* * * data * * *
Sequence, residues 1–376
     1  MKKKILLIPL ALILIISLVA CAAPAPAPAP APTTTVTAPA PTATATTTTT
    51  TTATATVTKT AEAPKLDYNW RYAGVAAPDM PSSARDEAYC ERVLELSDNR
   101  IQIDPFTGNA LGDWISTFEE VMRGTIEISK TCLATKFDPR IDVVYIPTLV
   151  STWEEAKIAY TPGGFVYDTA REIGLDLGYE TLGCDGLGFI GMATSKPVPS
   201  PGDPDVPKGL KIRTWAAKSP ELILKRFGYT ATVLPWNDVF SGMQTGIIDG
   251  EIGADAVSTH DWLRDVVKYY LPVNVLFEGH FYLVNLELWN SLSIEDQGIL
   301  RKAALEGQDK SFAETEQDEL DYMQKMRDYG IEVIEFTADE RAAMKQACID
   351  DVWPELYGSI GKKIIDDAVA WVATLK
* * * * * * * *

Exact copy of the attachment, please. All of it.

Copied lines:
Sequence, residues 1–376
     1  MKKKILLIPL ALILIISLVA CAAPAPAPAP APTTTVTAPA PTATATTTTT
    51  TTATATVTKT AEAPKLDYNW RYAGVAAPDM PSSARDEAYC ERVLELSDNR
   101  IQIDPFTGNA LGDWISTFEE VMRGTIEISK TCLATKFDPR IDVVYIPTLV
   151  STWEEAKIAY TPGGFVYDTA REIGLDLGYE TLGCDGLGFI GMATSKPVPS
   201  PGDPDVPKGL KIRTWAAKSP ELILKRFGYT ATVLPWNDVF SGMQTGIIDG
   251  EIGADAVSTH DWLRDVVKYY LPVNVLFEGH FYLVNLELWN SLSIEDQGIL
   301  RKAALEGQDK SFAETEQDEL DYMQKMRDYG IEVIEFTADE RAAMKQACID
   351  DVWPELYGSI GKKIIDDAVA WVATLK